Satan was coming to Jesus to have Him act on a false belief that says, “I am what I do.” Power. You’ve got the power… use it or you are powerless. Jesus is breaking chains of control and power, and rightly applying power.

Unlike the first Adam (and us!), Jesus remains obedient and says this:
Matt. 4:4: “It is written, ‘Man shall not live by bread alone, but by every word that comes from the mouth of God.’” In other words, my power doesn’t come from what I do or what I put into my body… my power comes from the the Word of God.

Matt 4:5-6: 5 Then the devil took him to the holy city and set him on the pinnacle of the temple 6 and said to him, “If you are the Son of God, throw yourself down, for it is written, “ ‘He will command his angels concerning you,’ and “ ‘On their hands they will bear you up, lest you strike your foot against a stone.’ ”

Satan was essentially saying, “If you jump off, you will see angles come and save you and you can live by sight, right now, in this moment, not by faith. You will be prestigious among mankind. You won’t have to live any longer in this humble state that you gave up when you became a man.”

Jesus is breaking the chains of the lie that says, “I am what others say about me.” Jesus didn’t need others to see Him do great works to know who and whose He was. I’m sure Jesus clearly heard the Voice of the Father all those days in the wilderness saying, “You are my beloved Son and I am well pleased with you.” (Mark 1:11).  Literally, you are worthy of my affection, I delight in you son, daughter!

Notice Satan quotes Scripture this time. It’s a reference from Psalm 91:11-12, and instead of doubting Scripture, this time Satan tempts Jesus to fulfill Scripture, and he pitched it in such a way that if Jesus doesn’t jump, then it would be because of a lack of faith in God’s word.

To Eve, Satan says: “Eat and you will not surely die, for God has lied to you.”

To Jesus he says: “Jump, and you will not surely die, unless God has lied to you.”

But Jesus said to him, listen up you dirty little scum (my interpretation), “Again it is written, ‘You shall not put the Lord your God to the test.’ ” Mark 4:7

Matt. 4:8-9: 8 Again, the devil took him to a very high mountain and showed him all the kingdoms of the world and their glory. 9 And he said to him, “All these I will give you, if you will fall down and worship me.”

“If you fall down and worship me Jesus, you can have it all right now, and you won’t have to wait and suffer on the cross. You know it’s coming and you know you want there to be another way… well here it is… how much easier is this now… come on!”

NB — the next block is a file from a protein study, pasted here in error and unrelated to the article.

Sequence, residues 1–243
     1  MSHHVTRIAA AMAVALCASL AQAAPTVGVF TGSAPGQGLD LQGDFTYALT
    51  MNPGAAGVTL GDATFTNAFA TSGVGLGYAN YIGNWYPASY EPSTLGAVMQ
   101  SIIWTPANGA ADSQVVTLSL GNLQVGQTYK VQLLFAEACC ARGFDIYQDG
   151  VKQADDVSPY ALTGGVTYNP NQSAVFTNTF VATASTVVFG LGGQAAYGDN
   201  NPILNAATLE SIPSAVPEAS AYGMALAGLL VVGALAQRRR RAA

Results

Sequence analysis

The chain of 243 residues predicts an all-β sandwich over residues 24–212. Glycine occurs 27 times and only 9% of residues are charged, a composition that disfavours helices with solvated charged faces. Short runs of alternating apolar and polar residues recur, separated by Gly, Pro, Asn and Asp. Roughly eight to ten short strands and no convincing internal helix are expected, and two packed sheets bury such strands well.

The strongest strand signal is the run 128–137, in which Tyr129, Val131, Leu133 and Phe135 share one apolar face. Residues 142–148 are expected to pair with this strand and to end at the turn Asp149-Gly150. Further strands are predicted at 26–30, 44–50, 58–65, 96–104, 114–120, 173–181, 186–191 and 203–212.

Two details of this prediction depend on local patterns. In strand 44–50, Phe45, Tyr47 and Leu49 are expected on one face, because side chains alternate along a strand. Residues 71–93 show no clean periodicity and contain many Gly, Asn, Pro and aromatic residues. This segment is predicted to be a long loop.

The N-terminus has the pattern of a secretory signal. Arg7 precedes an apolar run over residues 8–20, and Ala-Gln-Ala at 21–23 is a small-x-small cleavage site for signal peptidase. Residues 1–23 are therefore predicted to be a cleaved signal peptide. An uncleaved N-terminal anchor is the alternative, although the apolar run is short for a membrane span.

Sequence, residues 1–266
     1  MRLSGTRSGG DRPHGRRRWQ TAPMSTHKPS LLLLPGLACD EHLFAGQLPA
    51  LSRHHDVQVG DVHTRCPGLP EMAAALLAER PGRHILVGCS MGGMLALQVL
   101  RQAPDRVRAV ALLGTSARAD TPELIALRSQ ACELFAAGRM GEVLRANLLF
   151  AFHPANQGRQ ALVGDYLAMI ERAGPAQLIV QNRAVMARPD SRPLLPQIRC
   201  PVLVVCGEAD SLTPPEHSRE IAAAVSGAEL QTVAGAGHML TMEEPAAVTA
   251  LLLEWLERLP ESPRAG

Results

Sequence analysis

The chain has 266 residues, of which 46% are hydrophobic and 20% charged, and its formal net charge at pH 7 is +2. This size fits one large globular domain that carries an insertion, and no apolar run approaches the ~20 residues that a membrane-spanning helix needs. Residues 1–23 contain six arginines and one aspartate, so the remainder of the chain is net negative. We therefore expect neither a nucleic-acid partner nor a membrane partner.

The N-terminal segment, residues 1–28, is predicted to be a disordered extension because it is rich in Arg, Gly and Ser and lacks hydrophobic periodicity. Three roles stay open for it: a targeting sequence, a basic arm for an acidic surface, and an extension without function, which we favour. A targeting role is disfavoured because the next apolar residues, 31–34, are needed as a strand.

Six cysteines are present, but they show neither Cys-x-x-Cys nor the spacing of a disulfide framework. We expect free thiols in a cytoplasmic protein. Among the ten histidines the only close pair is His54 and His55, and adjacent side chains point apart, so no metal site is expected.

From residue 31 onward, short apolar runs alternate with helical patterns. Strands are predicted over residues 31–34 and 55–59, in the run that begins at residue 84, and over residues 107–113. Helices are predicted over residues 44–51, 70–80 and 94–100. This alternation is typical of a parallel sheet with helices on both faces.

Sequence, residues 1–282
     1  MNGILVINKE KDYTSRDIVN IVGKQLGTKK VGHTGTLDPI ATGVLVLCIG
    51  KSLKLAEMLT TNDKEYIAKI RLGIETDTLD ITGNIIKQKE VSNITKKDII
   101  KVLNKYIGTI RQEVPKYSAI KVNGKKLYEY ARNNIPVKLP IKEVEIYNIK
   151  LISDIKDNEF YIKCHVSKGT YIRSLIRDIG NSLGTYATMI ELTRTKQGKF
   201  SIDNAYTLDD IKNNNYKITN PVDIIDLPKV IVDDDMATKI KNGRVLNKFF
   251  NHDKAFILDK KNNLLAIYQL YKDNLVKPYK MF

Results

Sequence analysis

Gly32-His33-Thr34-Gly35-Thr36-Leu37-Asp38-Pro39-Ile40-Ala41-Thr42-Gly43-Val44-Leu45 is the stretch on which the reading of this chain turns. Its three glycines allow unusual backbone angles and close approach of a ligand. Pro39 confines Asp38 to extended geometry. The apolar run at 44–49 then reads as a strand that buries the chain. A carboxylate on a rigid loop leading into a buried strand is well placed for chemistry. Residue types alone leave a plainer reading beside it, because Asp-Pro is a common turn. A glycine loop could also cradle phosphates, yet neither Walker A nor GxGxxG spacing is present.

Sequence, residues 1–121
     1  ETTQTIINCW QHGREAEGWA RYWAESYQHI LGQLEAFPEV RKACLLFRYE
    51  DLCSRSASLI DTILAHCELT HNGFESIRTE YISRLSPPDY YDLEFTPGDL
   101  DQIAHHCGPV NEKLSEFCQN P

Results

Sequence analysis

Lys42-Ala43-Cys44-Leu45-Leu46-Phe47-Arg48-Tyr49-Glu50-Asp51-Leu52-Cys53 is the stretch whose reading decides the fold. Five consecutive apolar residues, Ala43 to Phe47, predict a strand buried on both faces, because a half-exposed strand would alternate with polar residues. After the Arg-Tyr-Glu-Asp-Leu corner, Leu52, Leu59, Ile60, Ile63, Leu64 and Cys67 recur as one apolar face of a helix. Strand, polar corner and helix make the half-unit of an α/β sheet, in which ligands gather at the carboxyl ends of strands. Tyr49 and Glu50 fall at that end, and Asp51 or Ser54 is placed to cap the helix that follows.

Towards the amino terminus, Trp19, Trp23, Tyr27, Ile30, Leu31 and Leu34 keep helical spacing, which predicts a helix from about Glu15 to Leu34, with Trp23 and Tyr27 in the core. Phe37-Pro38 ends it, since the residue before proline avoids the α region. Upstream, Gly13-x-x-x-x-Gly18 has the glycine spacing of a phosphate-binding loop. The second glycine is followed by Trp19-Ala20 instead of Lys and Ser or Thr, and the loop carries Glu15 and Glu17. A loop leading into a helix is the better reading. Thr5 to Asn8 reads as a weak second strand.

Jesus is resisting Satan’s lie that is saying, “I am what I have.” Possessions. “All this could be yours if you abuse your Father’s glory and worship me.”

In the Garden of Eden, Satan tells Adam and Eve that the garden is good and all, but there’s a greater dominion you could have: “You could have glory greater than you could ever imagine! You could be great like God, not innocent little creatures digging ditches, pruning flowers, and taking care of God’s walled-in garden. Think of what else is out there that you’re missing out on.”

Jesus rightly divides and applies God’s word, and teaches Satan a lesson about God’s word being used properly and breaks the chains of consumerism (the drive for more possessions that tells us we are okay and we belong because we can contribute and accumulate trinkets.

Satan wanted to gain Jesus’ worship away from God, but Jesus responds, “Be gone, Satan! For it is written, “ ‘You shall worship the Lord your God and him only shall you serve.’ ” Matt. 4:10

Jesus here is breaking chains of corrupt power, the desire and love of prestige, and the addiction to possessions. In other words, He is restoring the worship problem that humanity has… our worship of power, prestige and possessions. These, as Thomas Keating puts it, are the world’s “basic program for happiness”. We are all vulnerable to power and control;  affection and esteem; security and survival.

Throughout Jesus’ time in the wilderness, He is reaffirming who He is. He is God, we are not. No other man or woman were ultimately able to fully resist these basic lies for happiness, but Jesus has. When we are quiet and still enough (the wilderness days) we can affirm that Jesus is God, and we are not, and hat we in fact are desperate for Jesus to show up.